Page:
Instead of Disney just having a princess franchise, why don't Disney try a "Leading Lady" franchise? Disney has forgotten at least two princesses that should be included in their princess franchise lineup. Kida - from their movie Atlantis: The Lost Empire - and Pocahontas. Where are these two leading ladies in the Disney princess franchise lineup?

Tiana - First Look

First audience seen character concept for Tiana, heroine of Disney's Princess and the Frog.

First audience seen character concept for Tiana, heroine of Disney's Princess and the Frog.

Tiana 2009

Princess Tiana final character concept.

Princess Tiana final character concept.

Disney Princess Proof?

With the 2009 Disney movie The Princess and the Frog - Originally entitled 'The Frog Princess -, Disney broke the black ethnicity barrier that had eluded the Disney corporation for over 80 years. An African American leading hero(ine).

The Princess and the Frog followed their hard-working leading lady, Tiana - an African American, as she tried to fulfill her dream of owning her own restaurant. Tiana meets a prince - who is very spoiled, self-centered, and status-seeking - who, because of his character and gullibility, is transformed into a frog. Disney's Princess and the Frog has a great storyline full of colorful characters, beautiful music, suspense, romance, discovery, and a very great moral for everyone - including adults.

When the character concept for Tiana first leaked out, it seemed that most of the black community wasn't satisfied with Disney even simply creating a black princess. Tiana's original name was Maddy and she was supposed to be a poor chambermaid living among the wealthy in the New Orleans French Quarter. There was even talk of people boycotting Disney's Princess and the Frog. After being contacted by the NAACP and an online petition sporting over 3,000 e-signatures, Disney went back to work tweaking Maddy's appearance and storyline.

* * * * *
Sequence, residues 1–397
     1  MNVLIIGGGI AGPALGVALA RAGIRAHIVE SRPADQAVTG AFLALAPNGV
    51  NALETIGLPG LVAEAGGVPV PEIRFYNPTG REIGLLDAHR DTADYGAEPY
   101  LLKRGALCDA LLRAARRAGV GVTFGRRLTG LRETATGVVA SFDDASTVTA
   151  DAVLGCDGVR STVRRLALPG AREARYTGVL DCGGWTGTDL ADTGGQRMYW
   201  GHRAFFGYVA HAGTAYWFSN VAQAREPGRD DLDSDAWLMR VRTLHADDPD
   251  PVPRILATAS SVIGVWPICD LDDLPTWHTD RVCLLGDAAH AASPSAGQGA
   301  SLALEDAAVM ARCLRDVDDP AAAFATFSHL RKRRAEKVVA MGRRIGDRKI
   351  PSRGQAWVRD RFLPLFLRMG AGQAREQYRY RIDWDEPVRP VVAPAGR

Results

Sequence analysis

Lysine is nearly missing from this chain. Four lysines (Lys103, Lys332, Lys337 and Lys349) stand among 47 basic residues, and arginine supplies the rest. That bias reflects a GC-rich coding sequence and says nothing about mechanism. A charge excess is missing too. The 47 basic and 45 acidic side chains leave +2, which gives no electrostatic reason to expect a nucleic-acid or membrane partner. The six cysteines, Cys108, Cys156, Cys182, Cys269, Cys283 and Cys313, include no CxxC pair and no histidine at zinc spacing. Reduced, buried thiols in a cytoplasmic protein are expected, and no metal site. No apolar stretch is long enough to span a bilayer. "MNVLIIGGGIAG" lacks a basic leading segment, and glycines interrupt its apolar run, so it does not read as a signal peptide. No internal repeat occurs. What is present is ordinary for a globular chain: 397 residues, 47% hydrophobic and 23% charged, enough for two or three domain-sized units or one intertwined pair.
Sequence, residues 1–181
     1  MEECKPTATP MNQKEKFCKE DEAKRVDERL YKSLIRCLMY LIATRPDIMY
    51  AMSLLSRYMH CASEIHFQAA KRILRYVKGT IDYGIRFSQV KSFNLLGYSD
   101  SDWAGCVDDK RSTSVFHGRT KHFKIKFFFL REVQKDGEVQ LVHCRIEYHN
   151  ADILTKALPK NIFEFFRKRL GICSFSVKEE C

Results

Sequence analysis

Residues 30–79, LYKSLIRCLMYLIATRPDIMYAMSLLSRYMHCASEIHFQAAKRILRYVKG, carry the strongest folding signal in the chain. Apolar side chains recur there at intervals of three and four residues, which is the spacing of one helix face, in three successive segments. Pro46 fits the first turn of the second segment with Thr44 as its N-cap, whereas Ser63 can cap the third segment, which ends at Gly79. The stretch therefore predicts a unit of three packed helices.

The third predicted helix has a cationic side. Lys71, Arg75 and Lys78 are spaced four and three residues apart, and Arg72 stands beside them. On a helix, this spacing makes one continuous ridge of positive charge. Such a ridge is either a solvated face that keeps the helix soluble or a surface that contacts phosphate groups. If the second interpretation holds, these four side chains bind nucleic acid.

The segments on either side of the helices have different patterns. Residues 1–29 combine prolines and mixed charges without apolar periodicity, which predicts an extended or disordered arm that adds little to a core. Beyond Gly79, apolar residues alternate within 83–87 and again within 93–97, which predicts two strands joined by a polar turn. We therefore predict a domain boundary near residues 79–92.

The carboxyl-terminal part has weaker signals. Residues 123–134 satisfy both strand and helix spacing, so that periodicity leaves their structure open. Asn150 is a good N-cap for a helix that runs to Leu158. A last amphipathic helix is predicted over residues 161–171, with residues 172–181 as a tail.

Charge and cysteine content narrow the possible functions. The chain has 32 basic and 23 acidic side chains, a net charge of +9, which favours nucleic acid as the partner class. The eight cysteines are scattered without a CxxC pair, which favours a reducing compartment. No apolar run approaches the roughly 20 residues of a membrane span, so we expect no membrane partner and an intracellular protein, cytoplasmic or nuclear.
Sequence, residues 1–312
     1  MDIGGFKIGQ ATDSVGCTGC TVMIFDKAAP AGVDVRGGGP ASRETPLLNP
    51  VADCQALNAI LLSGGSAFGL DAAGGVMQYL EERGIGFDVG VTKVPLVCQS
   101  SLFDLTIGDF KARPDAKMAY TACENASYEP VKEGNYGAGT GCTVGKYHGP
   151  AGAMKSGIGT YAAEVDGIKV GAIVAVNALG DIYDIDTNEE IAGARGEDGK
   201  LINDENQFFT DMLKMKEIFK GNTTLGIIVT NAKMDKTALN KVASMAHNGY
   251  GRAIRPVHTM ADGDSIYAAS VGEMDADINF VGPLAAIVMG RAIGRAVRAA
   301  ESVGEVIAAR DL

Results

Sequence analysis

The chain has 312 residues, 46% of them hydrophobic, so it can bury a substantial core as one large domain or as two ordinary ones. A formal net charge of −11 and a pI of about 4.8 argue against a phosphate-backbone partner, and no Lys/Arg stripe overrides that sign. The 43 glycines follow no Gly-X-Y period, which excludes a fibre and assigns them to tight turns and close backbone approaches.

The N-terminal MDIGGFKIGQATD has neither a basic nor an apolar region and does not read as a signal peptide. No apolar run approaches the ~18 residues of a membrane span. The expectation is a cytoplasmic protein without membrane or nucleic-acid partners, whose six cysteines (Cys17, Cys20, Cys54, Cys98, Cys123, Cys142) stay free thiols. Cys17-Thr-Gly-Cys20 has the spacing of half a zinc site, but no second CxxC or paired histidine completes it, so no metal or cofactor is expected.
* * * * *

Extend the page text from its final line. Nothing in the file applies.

The Wonderful World of Color 1961


Despite what anyone says about Walt Disney - good or bad - he was quite the brilliant man. He was not the creator of animation, but Walt Disney was among the first to present full-color programming with his Wonderful World of Color in 1961. He was the first person to create a full-length cel animated feature film ever in history - Snow White.

From Snow White to Rapunzel, Disney has made great and timeless animated films time and time again. Maybe one day Disney will wise up and add a whole new colorful cast of princesses to add to their Disney princesses franchise lineup.

There are so many examples of racism in Disney, it's almost revolting. Above I have named just a few examples. Do you know any more? Do you think that this is actually proof of the Disney corporation's evil racist ways? Why or why not? I'd love to hear comments from you! Happy reading.


Shermia Trueheart (author) from Texas, USA on September 23, 2017:

Oh, I agree with you wholeheartedly, but I do feel like there are some racial depictions. Even recent Disney propaganda it's evident. But everybody has their own opinion.

Mickey Bitso on September 13, 2017:

Oh please. Do we REALLY care what Disney cartoons looked like in 1940? As for the more modern cartoons: So what? Every depiction of EVERYONE is a "stereotype". I'm quite aware that Jamaicans are not crabs.

And are we just going to ignore the fact that Disney routinely depicts white people as rodents and retarded dogs?

Race will remain an issue only as long as we want it to. It's an industry. And a way for people with no lives to have an identity. If you want to see racism you'll always see it. Enjoy.

Pamela Lipscomb from Charlotte, North Carolina on July 03, 2017:

Disney has always mirrored American culture down through the ages. Unfortunately, their cartoons reveal we have not come that far at all.

Mackenzie Sage Wright on August 07, 2013: